2017 Marked CBA’s “Best Financial Year” in Company History

Dear Client:

As expected, Craft Brew Alliance closed out 2017 with depletions and shipments, down 1% and 3.5%, respectively.

Recall, last month we gave you a sneak peek at how CBD finished the year after the company issued its preliminary results for Q4 and full year 2017. This afternoon the official results came out.

The final quarter for CBA was a tough one, with depletions down 3% and shipments down 5.6%. You know things were rough when Kona’s depletions were only up 6% in the quarter.

KONA DEPLETIONS UP 10% IN 2017. Still, the soft Q4 couldn’t stop Kona from posting double-digit depletion gains for the year, up 10% in 2017. Kona is keeping that double-digit pace in 2018 too, CBA noted, “for the first eight weeks of 2018, Kona depletions have increased 10% over the same period in 2017.”

RECORD PERFORMANCE IN 2017. But let’s pause on all the shipment and depletion talk real quick, to highlight CBA’s financial performance for the year. After all, 2017 marked “the best financial year in our company’s history,” CBA chief Andy Thomas said in the release. Here’s the stat line for 2017: “Net sales growth of 2%, gross profit improvement of 9%, and record gross margin of 31.5%, including beer gross margin of 35.3%.”

“CBA’s 2017 financial results demonstrate continued traction in delivering on our strategy to strengthen the topline while improving the core health of our business,” said CBA CFO Joe Vanderstelt.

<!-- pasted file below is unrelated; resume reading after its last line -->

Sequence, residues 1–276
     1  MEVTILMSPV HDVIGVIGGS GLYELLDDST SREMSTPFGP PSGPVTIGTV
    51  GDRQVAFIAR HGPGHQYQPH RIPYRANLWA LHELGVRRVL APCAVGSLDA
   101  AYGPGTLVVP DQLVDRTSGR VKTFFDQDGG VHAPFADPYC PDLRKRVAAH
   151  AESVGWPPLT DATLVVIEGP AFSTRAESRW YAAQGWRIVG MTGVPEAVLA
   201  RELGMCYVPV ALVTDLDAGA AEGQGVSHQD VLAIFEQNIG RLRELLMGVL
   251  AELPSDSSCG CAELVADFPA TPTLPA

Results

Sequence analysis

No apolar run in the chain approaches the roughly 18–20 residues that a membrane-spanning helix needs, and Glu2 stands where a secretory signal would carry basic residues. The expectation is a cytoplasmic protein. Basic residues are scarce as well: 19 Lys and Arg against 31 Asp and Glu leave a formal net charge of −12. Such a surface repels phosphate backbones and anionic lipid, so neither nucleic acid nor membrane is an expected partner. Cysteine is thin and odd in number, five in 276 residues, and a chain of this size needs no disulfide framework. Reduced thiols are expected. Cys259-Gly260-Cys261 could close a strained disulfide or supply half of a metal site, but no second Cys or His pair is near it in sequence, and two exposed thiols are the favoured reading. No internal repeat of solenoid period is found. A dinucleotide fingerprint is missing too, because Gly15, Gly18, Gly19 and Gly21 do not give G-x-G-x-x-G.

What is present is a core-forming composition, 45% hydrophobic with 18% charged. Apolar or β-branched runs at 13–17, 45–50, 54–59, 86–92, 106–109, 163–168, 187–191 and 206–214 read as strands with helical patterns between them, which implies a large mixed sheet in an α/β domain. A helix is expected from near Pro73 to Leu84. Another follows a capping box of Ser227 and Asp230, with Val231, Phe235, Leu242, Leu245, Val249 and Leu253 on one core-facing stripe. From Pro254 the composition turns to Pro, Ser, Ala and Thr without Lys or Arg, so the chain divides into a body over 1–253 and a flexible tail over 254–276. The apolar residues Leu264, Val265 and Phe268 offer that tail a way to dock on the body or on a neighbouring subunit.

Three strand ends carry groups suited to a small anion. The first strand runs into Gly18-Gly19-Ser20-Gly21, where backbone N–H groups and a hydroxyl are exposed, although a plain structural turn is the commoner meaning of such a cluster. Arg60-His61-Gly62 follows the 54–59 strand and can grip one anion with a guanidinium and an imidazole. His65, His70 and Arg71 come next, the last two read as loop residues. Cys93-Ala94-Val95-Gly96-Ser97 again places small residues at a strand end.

Indeed, recall that CBA had a busy year in operations: the company shut down and later sold its Woodinville facility; they stopped production in Memphis and handed that duty over to Anheuser-Busch’s production facility in Fort Collins; and they balanced production between their brewing facilities in Portland and Portsmouth.

HEALTHIEST THEY’VE EVER BEEN. It paid off, and as a result, Andy told CBD last month that “we’re entering 2018 healthier than we’ve ever been, and more focused than we’ve ever been.”

ALRIGHT, BACK TO BRAND PERFORMANCE. We filled you in on Kona, but how did the rest of CBA’s brands fare in 2017? Widmer Brothers’ depletions may have dipped 7% over the year, but the brand grew share in Oregon during 2017, so that retrenchment strategy appears to be working. CBA’s partner brands each grew share in their respective markets as well, per release. All in, Appalachian Mountain Brewery, Cisco Brewers, and Wynwood Brewing grew depletions 41% over the prior year.

OMISSION ON A ROLL. And Omission has really been humming since the release of its 99-calorie, gluten-removed golden ale, dubbed Omission Ultimate Light, which debuted in the back half of 2017. The brand grew depletions 10% in Q4, and “for the first eight weeks of 2018, Omission depletions increased 19% compared to the same period in 2017,” according to the release.

2018 GUIDANCE. Looking ahead to what’s in store for this year, CBA has guided to harmonization between depletions and shipments for 2018 as a result of stabilizing some of those supply chain issues. The company projects depletions and shipments for the year to be between down 2% and up 3%.